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(itstool) path: callout/para
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# PROVIDE: mumbled oldmumble <co xml:id="rcng-hookup-provide"/>
# REQUIRE: DAEMON cleanvar frotz<co xml:id="rcng-hookup-require"/>
# BEFORE: LOGIN<co xml:id="rcng-hookup-before"/>
# KEYWORD: nojail shutdown<co xml:id="rcng-hookup-keyword"/>

. /etc/rc.subr



if ! checkyesno frotz_enable &amp;&amp; \
! /etc/rc.d/frotz forcestatus 1&gt;/dev/null 2&gt;&amp;1; then
force_depend frotz || return 1<co xml:id="rcng-hookup-force"/>
return 0

load_rc_config $name
run_rc_command "$1"
As before, detailed analysis follows:
That line declares the names of <quote>conditions</quote> our script provides. Now other scripts can record a dependency on our script by those names.
Usually a script specifies a single condition provided. However, nothing prevents us from listing several conditions there, e.g., for compatibility reasons.
In any case, the name of the main, or the only, <literal>PROVIDE:</literal> condition should be the same as <envar>${name}</envar>.
So our script indicates which <quote>conditions</quote> provided by other scripts it depends on. According to the lines, our script asks <citerefentry><refentrytitle>rcorder</refentrytitle><manvolnum>8</manvolnum></citerefentry> to put it after the script(s) providing <filename>DAEMON</filename> and <filename>cleanvar</filename>, but before that providing <filename>LOGIN</filename>.
The <literal>BEFORE:</literal> line should not be abused to work around an incomplete dependency list in the other script. The appropriate case for using <literal>BEFORE:</literal> is when the other script does not care about ours, but our script can do its task better if run before the other one. A typical real-life example is the network interfaces vs. the firewall: While the interfaces do not depend on the firewall in doing their job, the system security will benefit from the firewall being ready before there is any network traffic.
Besides conditions corresponding to a single service each, there are meta-conditions and their <quote>placeholder</quote> scripts used to ensure that certain groups of operations are performed before others. These are denoted by <filename><replaceable>UPPERCASE</replaceable></filename> names. Their list and purposes can be found in <citerefentry><refentrytitle>rc</refentrytitle><manvolnum>8</manvolnum></citerefentry>.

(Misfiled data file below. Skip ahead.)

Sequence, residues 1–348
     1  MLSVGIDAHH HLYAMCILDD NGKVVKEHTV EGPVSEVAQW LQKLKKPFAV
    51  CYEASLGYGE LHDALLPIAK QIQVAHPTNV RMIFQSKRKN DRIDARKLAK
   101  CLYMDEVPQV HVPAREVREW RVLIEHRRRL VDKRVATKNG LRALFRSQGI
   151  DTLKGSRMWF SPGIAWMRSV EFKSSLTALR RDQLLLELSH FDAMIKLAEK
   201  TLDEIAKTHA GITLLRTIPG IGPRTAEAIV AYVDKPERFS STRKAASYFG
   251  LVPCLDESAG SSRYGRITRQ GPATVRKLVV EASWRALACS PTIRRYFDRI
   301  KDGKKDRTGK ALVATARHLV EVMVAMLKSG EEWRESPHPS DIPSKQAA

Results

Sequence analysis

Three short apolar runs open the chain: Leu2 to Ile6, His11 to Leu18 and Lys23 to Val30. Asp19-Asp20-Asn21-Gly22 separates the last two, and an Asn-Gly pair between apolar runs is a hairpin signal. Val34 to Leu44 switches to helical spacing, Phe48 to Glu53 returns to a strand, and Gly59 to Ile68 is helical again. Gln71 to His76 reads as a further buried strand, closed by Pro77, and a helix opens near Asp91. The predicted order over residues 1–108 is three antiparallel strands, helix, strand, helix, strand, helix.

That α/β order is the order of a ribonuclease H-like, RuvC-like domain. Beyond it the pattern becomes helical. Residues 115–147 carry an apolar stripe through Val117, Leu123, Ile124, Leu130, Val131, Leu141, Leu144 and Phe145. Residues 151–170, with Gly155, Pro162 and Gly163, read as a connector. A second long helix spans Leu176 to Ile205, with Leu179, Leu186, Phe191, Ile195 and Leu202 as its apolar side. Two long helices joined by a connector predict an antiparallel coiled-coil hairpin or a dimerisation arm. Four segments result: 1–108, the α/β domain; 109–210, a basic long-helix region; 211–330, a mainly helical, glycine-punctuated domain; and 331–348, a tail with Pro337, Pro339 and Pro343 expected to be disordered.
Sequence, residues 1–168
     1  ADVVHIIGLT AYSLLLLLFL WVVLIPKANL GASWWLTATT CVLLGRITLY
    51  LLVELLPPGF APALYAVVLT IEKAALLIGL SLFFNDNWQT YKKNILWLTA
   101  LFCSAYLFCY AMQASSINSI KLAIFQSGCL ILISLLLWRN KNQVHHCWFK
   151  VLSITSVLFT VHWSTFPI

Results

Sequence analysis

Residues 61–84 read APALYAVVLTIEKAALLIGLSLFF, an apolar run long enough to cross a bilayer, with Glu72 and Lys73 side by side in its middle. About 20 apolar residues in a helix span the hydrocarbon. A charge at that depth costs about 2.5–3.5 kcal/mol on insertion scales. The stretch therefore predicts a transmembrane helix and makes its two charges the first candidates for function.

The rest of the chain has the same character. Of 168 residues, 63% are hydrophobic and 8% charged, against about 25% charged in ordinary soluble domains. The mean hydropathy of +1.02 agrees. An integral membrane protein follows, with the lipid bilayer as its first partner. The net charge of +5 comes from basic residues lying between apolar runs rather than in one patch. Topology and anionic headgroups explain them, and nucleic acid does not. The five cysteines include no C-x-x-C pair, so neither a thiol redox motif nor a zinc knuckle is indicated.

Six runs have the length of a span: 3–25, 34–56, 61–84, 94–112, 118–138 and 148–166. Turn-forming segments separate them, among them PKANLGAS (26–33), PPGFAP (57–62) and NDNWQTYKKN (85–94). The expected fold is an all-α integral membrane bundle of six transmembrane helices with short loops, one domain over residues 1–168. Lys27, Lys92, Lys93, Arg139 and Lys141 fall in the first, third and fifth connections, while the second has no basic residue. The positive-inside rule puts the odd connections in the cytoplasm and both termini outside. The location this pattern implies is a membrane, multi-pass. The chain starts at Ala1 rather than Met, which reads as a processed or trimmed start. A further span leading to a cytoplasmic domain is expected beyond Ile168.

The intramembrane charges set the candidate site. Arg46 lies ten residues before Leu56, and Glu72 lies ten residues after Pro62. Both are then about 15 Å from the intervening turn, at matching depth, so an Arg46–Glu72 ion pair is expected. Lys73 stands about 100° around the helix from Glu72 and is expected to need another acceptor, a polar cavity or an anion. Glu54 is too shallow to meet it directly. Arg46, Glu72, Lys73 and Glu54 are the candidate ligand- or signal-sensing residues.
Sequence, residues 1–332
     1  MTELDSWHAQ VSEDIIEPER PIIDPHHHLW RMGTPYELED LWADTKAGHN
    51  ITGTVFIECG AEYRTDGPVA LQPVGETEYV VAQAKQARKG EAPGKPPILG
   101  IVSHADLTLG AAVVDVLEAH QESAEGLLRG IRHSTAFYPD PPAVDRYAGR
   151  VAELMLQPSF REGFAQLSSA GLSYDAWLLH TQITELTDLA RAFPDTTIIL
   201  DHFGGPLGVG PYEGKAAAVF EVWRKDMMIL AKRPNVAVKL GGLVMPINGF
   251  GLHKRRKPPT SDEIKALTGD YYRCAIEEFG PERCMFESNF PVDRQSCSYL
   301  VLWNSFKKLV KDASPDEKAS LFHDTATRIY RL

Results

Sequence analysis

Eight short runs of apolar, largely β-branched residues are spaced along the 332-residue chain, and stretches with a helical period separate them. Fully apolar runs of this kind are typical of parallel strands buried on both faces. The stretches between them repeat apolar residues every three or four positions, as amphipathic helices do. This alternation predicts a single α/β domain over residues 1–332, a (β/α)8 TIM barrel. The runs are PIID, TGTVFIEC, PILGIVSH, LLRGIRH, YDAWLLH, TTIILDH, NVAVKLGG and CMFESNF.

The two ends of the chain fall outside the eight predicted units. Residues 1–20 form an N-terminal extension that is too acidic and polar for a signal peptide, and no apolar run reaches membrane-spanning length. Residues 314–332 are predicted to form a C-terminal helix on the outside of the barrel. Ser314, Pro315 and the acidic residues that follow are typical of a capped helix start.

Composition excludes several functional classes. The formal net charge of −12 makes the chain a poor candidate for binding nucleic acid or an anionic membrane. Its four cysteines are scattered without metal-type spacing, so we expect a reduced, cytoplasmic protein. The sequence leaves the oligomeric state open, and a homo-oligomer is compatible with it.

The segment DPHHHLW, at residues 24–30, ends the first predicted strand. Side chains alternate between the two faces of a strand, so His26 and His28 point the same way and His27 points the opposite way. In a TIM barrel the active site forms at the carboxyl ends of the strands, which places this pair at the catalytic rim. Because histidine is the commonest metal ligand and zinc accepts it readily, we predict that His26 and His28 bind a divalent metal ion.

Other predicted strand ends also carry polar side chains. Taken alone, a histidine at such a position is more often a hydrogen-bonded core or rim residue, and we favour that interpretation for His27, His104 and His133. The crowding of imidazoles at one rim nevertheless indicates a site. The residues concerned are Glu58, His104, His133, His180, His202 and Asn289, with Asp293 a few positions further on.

Keep in mind that putting a service name in the <literal>REQUIRE:</literal> line does not guarantee that the service will actually be running by the time our script starts. The required service may fail to start or just be disabled in <citerefentry><refentrytitle>rc.conf</refentrytitle><manvolnum>5</manvolnum></citerefentry>. Obviously, <citerefentry><refentrytitle>rcorder</refentrytitle><manvolnum>8</manvolnum></citerefentry> cannot track such details, and <citerefentry><refentrytitle>rc</refentrytitle><manvolnum>8</manvolnum></citerefentry> will not do that either. Consequently, the application started by our script should be able to cope with any required services being unavailable. In certain cases, we can help it as discussed <link linkend="forcedep">below.</link>
<anchor xml:id="keywords"/>As we remember from the above text, <citerefentry><refentrytitle>rcorder</refentrytitle><manvolnum>8</manvolnum></citerefentry> keywords can be used to select or leave out some scripts. Namely any <citerefentry><refentrytitle>rcorder</refentrytitle><manvolnum>8</manvolnum></citerefentry> consumer can specify through <option>-k</option> and <option>-s</option> options which keywords are on the <quote>keep list</quote> and <quote>skip list</quote>, respectively. From all the files to be dependency sorted, <citerefentry><refentrytitle>rcorder</refentrytitle><manvolnum>8</manvolnum></citerefentry> will pick only those having a keyword from the keep list (unless empty) and not having a keyword from the skip list.
In FreeBSD, <citerefentry><refentrytitle>rcorder</refentrytitle><manvolnum>8</manvolnum></citerefentry> is used by <filename>/etc/rc</filename> and <filename>/etc/rc.shutdown</filename>. These two scripts define the standard list of FreeBSD <filename>rc.d</filename> keywords and their meanings as follows:


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The string is used as plural, but not using plural forms



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(itstool) path: callout/para
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9 months ago
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, string 122